Cure For Infertility

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The level of ovarian reserve and the age of the female partner are the most important prognostic factors in the fertility workup. Ovarian reserve is most commonly evaluated by checking a cycle day 3 FSH and estradiol level.

Treating Infertility - ACOG

In cases where the patient is 35 years or older, dynamic ovarian reserve testing may be indicated. The most common test used is the clomiphene citrate challenge test CCCT. A serum FSH and estradiol level is drawn on cycle day 3. Clomiphene citrate mg by mouth is administered on cycle days and a serum FSH level is drawn again on day An FSH level greater than 10 is associated with decreased fertility and lower pregnancy rates. One large prospective observational trial suggests that age, AMH, inhibin B, and FSH combined have significant predictor of poor oocyte yield.

However, most of these have not been found to be of adequate sensitivity, specificity, or positive predictive value when applying cutoffs across all age groups for pregnancy. They are predictive of response to ovulation induction medications. Thus, any result must be interpreted within the clinical context of the patient. A serum AMH assay could be used to identify patients with decreasing ovarian reserves and polycystic ovarian insufficiency.

Because thyroid disease and hyperprolactinemia can cause menstrual abnormalities and infertility, a serum TSH and prolactin should always be checked and corrected prior to instituting therapy. The male partner must submit a semen sample for a comprehensive semen analysis. Previous paternity does not guarantee current fertility status.

The comprehensive semen analysis must be performed in a certified andrology laboratory. The semen sample should be collected at the same andrology laboratory that will conduct the test. However, if the sample must be collected at home, it must be collected in a sterile plastic container and delivered to the andrology laboratory at body temperature no later than 30 minutes after ejaculation. Some patients cannot produce a semen sample through masturbation. In these cases, the sample can be collected through intercourse, using a special nonspermicidal condom provided by the andrology laboratory.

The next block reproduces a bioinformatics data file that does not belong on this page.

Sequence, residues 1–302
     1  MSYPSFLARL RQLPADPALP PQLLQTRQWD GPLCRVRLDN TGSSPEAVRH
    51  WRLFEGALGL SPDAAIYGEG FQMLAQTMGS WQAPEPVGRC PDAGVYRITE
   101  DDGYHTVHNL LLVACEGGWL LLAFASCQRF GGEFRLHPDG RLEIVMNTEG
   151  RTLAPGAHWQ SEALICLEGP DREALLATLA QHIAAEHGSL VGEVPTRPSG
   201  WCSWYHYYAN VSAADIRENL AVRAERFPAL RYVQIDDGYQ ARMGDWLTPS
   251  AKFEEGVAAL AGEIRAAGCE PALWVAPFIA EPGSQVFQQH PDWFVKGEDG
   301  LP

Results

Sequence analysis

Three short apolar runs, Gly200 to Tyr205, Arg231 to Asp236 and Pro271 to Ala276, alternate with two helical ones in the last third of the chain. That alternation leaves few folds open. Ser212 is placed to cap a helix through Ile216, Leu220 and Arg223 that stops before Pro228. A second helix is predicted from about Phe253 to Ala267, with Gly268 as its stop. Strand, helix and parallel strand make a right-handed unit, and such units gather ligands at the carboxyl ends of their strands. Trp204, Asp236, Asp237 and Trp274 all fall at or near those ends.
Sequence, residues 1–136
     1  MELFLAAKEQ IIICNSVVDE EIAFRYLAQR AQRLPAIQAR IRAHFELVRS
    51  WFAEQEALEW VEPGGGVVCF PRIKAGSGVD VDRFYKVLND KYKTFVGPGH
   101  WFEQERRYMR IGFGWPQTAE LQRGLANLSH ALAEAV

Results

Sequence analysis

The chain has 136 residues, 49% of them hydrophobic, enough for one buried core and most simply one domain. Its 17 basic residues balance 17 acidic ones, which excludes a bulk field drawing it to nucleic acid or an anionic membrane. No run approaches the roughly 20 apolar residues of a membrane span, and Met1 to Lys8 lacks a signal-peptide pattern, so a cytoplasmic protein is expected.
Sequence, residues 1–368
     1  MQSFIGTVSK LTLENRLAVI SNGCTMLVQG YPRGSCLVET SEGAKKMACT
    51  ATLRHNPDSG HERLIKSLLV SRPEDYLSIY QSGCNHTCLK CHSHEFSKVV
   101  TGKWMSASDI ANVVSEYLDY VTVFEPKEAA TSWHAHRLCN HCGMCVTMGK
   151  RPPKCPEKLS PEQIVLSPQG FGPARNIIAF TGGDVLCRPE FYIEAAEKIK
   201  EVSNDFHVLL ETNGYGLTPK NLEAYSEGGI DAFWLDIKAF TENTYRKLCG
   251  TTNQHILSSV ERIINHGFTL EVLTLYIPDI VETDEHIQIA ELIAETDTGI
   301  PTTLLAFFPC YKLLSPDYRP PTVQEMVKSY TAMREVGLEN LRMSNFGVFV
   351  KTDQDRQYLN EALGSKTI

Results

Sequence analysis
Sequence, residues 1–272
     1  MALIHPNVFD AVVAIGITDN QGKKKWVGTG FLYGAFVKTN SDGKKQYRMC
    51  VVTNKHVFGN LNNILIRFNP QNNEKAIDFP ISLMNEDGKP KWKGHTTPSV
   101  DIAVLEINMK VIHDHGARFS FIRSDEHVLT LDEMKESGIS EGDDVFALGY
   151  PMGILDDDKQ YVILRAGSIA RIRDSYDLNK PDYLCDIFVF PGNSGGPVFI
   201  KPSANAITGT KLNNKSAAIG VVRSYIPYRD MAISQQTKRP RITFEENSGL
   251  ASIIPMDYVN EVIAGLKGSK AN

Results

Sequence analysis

To optimize results, the semen sample should be collected after a period of 3 days but no more than 5 days of sexual abstinence. The basic semen analysis assesses sperm concentration, motility, morphology, and viability. The World Health Organization's semen analysis parameters with the variable and the corresponding reference range are as follows [ 98 ] :.

Infertility Natural Treatments & Home Remedies

Morphology has become an important parameter to evaluate the quality of sperm and fertilization capability. Kruger reported a new classification based on strict sperm morphology after fixing and staining the sperm. Specific biochemical analyses relevant to accessory sex gland function can be performed using the semen sample. Sperm agglutination is an indirect indicator of the presence of sperm antibodies. The immunobead test can be performed either directly on the sperm or indirectly on sperm and blood. The antibodies can be specific for the head or for the tail of the sperm. Sperm antibodies are associated with infection ie, orchitis , testicular trauma, and a history of vasectomy.